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LOCATION THEORY: A theoretical framework for studying the location decisions made of firms and households based on transportation cost and spatial differences in the accessibility of inputs and markets for outputs. Location theory, developed with noted contributions from August Losch, Alfred Weber, Johann von Thunen, Walter Christaller, and Walter Isard, explicitly considers the cost of transportation in the production and consumption choices made by firms and households. Location theory has been used to explain urban density, labor migration, and land use.

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PARETO EFFICIENCY: A type of efficiency that results if one person can not be made better off without making someone else worse off. Named after Vilfredo Pareto, this criterion is the guiding theoretical notion of efficiency used in the study of economics, especially welfare economics. Pareto efficiency is generally not attained if some resources are idle or unemployed. By engaging idle resources in production, some people can have more production without reducing that available to others. A problem with Pareto efficiency, however, is that it is based on the existing distribution of income and wealth. This is one of two noted efficiency criteria used in economics. The other is Kaldor-Hicks efficiency.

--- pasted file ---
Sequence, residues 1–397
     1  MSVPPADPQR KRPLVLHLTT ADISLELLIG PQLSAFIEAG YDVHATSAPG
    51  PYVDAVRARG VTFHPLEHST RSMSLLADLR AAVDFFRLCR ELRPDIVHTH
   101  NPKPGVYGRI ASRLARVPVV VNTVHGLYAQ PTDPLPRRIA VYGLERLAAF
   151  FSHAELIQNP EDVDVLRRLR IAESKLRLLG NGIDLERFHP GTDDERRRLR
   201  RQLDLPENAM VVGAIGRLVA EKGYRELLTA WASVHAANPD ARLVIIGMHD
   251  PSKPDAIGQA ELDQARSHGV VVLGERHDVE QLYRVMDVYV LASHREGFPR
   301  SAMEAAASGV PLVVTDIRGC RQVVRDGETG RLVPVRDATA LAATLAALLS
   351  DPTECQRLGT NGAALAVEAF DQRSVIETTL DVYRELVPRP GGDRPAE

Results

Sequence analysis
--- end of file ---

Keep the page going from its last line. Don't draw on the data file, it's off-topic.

See also | efficiency | Pareto improvement | Kaldor-Hicks efficiency | welfare economics | externality | market failure | unemployment | resources | income distribution | wealth distribution | distribution standards |


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AUTONOMOUS EXPENDITURES

Expenditures on aggregate production by the four macroeconomic sectors that do not depend on income or production (especially national income or even gross domestic product). That is, changes in income do not generate changes in these expenditures. Each of the four aggregate expenditures--consumption, investment expenditures, government purchases, and net exports--have an autonomous component. Autonomous expenditures are affected by the ceteris paribus aggregate expenditures determinants and are measured by the intercept term of the aggregate expenditures line. The alternative to autonomous expenditures are induced expenditures, expenditures which do depend on income.

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In the late 1800s and early 1900s, almost 2 million children were employed as factory workers.
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